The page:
NEW MONEY IS COMING to the national parks. This year, with the surprising support of George W. Bush, the Park Service's budget increased by a record $110 million. Longer-term, the Centennial Initiative, a challenge from Dubyathe national parks' new enthusiast-in-chiefcould add up to $3 billion to Park Service funding between now and 2016, when the system turns 100.
In anticipation of so much green stuff and, probably, of visits from people who possess more of it, many of the parks and nearby amenities are spiffing up. Hotels with 400-thread-count sheets are taking over where motels once reigned. Sommeliers are shouldering aside docents. Elegance is returning to the national-park system.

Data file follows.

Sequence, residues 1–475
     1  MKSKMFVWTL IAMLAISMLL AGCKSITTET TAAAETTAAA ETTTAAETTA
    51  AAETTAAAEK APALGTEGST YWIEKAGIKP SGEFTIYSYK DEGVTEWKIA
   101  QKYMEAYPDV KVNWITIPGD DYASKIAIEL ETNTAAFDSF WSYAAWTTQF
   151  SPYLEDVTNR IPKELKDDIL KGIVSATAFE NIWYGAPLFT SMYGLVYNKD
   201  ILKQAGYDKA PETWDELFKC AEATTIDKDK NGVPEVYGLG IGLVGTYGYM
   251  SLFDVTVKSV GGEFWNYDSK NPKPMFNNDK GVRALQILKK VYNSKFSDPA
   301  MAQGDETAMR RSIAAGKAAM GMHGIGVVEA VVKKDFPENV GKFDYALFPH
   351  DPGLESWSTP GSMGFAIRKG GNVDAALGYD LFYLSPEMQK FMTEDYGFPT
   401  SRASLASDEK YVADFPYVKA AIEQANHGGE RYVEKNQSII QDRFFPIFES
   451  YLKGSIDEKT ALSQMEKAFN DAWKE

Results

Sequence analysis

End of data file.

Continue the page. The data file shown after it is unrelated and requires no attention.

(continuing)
But what about those of us who still plan to sweat and grunt up rock-strewn trails, who want to wallow in the essential wildness of the parks? Can we luxuriate in high style without losing touch with our Ed Abbey side? The answer is yes, if you choose wisely. Pick the right parks and the right accommodations (within day-trip range) and you can combine strenuous adventure with plasma-screen TVs. And why not? As the president himself might say, there are nothing greater than our national parks.